In honor of Betsie Withey’s debut as one of three Featured Artists at the Artists’ Cooperative Gallery of Westerly in July, I asked some of her friends and fans to send pieces inspired by her art, or even just their favorite pictures of themselves wearing her art!
I’ve also, as you will see below, KIPPED DIRECTLY from Betsie’s FACEBOOK ART PAGE ITSELF! With her permission, of course.
This friends & fans project–last minute as it’s been–has gone, as you can well imagine, ABSOLUTELY SPLENDIDLY
Of course, much has depended on who was home JUST NOW and at leisure to write me poetry and flash fiction all in a rush, and send me their favorite Betsie flower pictures–etc–but I’ve been very excited about the response so far.
Hopefully, I can keep adding to this blog as they keep coming in!
About the Artist:
Betsie Withey creates fiber art, knitwear, and large scale textile art/sculptural dresses and hats. With degrees in both Fashion Design and Fine Arts, Betsie creates magical clothes and accessories. Her inspiration comes from nature, including all manner of leaves, flowers, roots, and other organic shapes, as well as from folklore, fashion and costume history.
LADIES AND GENTLEMEN AND NB FRIENDS,
ART INSPIRED BY ART!
Pinch the air, and pull.
The spasming thread between
your thumb and finger is made
of the quiet everyday lightning
alive in every green in the world.
It jumps like a cat by the tail, the thread.
With a flick you toss it into your
open palm, and there, sizzling
with the life you borrowed from life
it settles into the shape of your imaginings:
a leaf-seeming, a flower-not-quite,
fungus-felt bright with its alien reasoning.
None live themselves, for only gods of death
bother with breath. Instead, you make the living
pause, and blink, and remember that
this world that will kill them is beautiful.
OFFERINGS FOR A FAERIE PRINCESS
by Christa Carmen
AKA “Queen of Horrors: Rhode Island”
Inspired by Betsie Withey’s Venus Flytrap Headband/Clip/Embroidered Silk Fascinator
The girl slipped from the shadows like a wraith, squinting in the sunlight and shrinking back from the first of the revelers to come close enough to bump her, wondering why she’d made the journey into town in the first place.
She affixed a somewhat-smile to her face and stepped forward, if not to mingle with the crowd than at least to blend in with it. The first person to approach her, and comment on the unique Venus flytrap piece she wore pinned in her hair was a young girl, not much more than eight years old.
“What a cool headband? Did you get it here at the festival?”
She shook her head, trying not to scowl. “I did not.”
“Where’d you get it?”
“A faerie princess gave it to me.”
“A real princess?”
“No, not a princess. A faerie princess.”
She tried to put some distance between herself and the child, but when she turned to admire some succulents, growing from the spaces between tall wooden slats, there was the child again, stubborn, persistent, inquisitive.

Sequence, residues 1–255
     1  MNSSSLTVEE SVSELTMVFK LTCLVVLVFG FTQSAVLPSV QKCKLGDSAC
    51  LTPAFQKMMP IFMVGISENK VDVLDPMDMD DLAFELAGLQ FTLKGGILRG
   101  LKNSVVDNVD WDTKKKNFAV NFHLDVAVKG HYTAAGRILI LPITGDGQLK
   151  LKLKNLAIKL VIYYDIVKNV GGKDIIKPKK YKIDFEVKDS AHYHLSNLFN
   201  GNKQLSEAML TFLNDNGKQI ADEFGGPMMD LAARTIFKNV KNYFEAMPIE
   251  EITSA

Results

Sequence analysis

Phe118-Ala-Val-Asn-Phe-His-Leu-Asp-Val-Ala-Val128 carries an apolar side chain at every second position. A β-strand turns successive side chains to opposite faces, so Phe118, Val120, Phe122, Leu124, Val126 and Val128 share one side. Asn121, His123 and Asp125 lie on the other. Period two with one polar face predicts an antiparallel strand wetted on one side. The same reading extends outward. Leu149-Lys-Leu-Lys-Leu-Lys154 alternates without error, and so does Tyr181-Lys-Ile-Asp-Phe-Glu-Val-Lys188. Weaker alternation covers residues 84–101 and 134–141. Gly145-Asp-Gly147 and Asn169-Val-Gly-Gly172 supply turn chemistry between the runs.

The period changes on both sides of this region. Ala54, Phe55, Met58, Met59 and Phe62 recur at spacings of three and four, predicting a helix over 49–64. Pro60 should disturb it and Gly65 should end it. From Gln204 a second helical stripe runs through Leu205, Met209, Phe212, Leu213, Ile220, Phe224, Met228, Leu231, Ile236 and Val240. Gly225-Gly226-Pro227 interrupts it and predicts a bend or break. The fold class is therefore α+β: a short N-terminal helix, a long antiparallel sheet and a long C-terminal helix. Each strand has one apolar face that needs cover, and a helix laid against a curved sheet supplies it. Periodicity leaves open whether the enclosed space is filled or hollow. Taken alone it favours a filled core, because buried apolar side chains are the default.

“Could you take me to the faerie princess so that I could get an alien flower for my hair too?”
She sighed. “I cannot. Where is your mother? Shouldn’t she be minding you, keeping you from talking to strangers?”
The little girl looked around. “I think she’s talking to old Mrs. Pennywise. Besides, I’m eight now. I’m allowed to mingle with strangers in the park.”
She was about to comment that she did not imagine this was how childhood worked, when she was granted a view straight across the park, where a tall woman who resembled the child spoke animatedly to a bonneted old lady.
“Come with me,” she said.
“Where are we going?”
“I’m taking you to see the faerie princess as you desire.”
The little girl hooted with delight, and followed close behind, until they reached the spot where the sidewalk led again into shadow.
“Look down there,” she told the little girl, and pointed into the darkened alley.
“Where? Is the faerie princess down there?”
“She is.” She leaned closer to the little girl, gauging the moment when the child would stray completely into shadow.
“Closer,” she commanded. “Closer…”
The Venus flytrap threaded through her hair snapped up the child, dispensing with her in single swallow.
She straightened, and dusted off her hands.
“Very well,” she said. “It seems I won’t have to suffer the festival long to have found a suitable sacrifice for the faerie princess after all. She will be so very, very pleased. ”
And with that, she gave herself over to the shadows, the Venus flytrap whistling a jaunty tune atop her head.
Mother of 3
The days of Perelandra ticked as
hour on hour fine leaves were stitched
Ms. Betsie Withey’s fingers pricked
to bleeding yet the dress took shape
leaf on leaf the form was draped
until her masterpiece was done,
a forest poised as if to walk
in tendriled glory filled the space
while an enigmatic Mona Lisa smile
danced upon the artist’s lovely face
and she replied,
just one more leaf!
A Rose in Horns
By C. S. E. Cooney
They say that roses grow from thorns
Though some might disagree
A rose might well arise from horns
As is the case with me